This is a gin that hasn’t really been on my radar until now. To be honest I have a slight mistrust for flashy packaging – I may be a bit of a purist in that I think a gin should stand on its own. Despite my inherent distrust though, I have tasted some great gins with obvious effort having gone into branding and packaging, and have been suitably impressed with the quality of the gin. This brings us to Empiric Gin.
It’s hard to argue with the fact that bees are awesome. They pollinate plants to help make new plants, and they make both beeswax and honey. Honey, as it turns out, makes really good gin. Of course, regardless of the type of base spirit used, the distiller orchestrates the flavor profile. Wayward Distillation House, based in the Comox valley on Vancouver Island, does a great job of this with their spectacularly unique Unruly gin. Unruly gin uses honey spirit as a base and adds classic botanicals along with one or two twists to produce a smooth, pleasantly sweet and distinctive gin.
When I returned from the UK in Dec 2012 I was ecstatic to find out that a premium, small-batch gin was being produced locally in Victoria, BC. In 2008 the Victoria Spirits distillers set out to interpret gin in a more modern way, combining their love of Bombay Sapphire and Tanqueray gin with their collective backgrounds in science, bartending and in the culinary world to produce a beautiful, distinct, new “modern” gin. Arguably they were the first in Canada to bring a gin with such an innovative flavor profile to the market, paving the way for the local gin market to expand creatively.
The team at Odd Society Spirits takes pride in ingenuity and originality, and their gin is certainly created with this in mind. If there ever was a gin that could tackle unsuspecting imbibers, it is Wallflower Gin. Like the unexpected burst of happy, joyful indulgence of running through a sprinkler, Wallflower delivers a stunning, well-balanced flavour experience that is uniquely subtle and delightful.
I can’t help but be partial to Sipsmith London Dry Gin – it was the gin that started my love for gin in the first place. Paralleling my developing gin crush, on a bigger scale, Sipsmith was one of the major contributors to the start of the UK artisan, small batch gin craze when they opened 2009, being the first copper pot distillery to start up in London since 1820. Bashing through legislation difficulties and liquor laws, they started up with a successful business model that revolves around the quality of their spirit and sharing their love and pride in their own hand made spirits, which has subsequently led into a flood of small batch, hand-crafted gins entering the market.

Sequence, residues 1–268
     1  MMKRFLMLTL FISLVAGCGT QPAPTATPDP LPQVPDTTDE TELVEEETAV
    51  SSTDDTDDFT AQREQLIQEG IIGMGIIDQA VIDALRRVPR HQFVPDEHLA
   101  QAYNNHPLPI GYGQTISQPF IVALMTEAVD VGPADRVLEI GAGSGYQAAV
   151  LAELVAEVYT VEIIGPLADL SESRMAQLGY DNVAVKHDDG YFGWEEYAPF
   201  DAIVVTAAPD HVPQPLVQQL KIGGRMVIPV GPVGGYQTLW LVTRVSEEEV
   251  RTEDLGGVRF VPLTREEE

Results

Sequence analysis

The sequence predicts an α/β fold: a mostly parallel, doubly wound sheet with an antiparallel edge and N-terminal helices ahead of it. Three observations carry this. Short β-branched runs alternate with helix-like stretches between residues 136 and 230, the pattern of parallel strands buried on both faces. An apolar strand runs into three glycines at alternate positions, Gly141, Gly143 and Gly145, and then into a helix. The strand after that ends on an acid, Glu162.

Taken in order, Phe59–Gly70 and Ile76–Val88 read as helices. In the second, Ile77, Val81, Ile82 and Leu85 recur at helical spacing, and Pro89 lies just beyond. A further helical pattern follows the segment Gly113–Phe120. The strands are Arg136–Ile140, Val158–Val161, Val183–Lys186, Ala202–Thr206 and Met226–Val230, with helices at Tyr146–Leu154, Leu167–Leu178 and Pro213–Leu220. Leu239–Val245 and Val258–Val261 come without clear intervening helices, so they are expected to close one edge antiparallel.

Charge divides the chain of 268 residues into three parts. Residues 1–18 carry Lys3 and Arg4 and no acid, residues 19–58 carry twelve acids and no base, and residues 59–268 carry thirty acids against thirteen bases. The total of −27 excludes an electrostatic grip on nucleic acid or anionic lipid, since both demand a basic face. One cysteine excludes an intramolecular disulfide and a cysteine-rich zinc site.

The cure for a difficult week is surely a vacation at the lake – a weekend away with pure sunshine, and rotation between crisp, refreshing cool lake dips and sunny, warm wind. What would you give for that feeling at the end of a horrendous day, or in the middle of a cold downpour or the short days of winter? Enter Okanagan Spirits Gin.
When I lived abroad, one of the things I missed most was being outside in forests and by oceans on a regular basis. We take these things for granted here in BC, but fortunately, Phillips Brewery’s Fermentorium has seemingly found a way to bottle this awesomeness in their Stump Gin.
I feel incredibly lucky to have access to this gin. A locally produced gin (Cowichan Valley, Vancouver Island), from scratch, using local suppliers for the wheat and classic botanicals, Ampersand is an organic gin that is absolutely gorgeous both on its own and in mixed drinks. It is possibly the most classic yet versatile gin I have tasted.
Edinburgh gin, like many of the newer gins, takes advantage of local botanicals along with traditional botanicals to create a unique regional gin that is not completely true to the London dry style. However, it is easy to tell that the distillery paid homage to the style without completely dismissing it.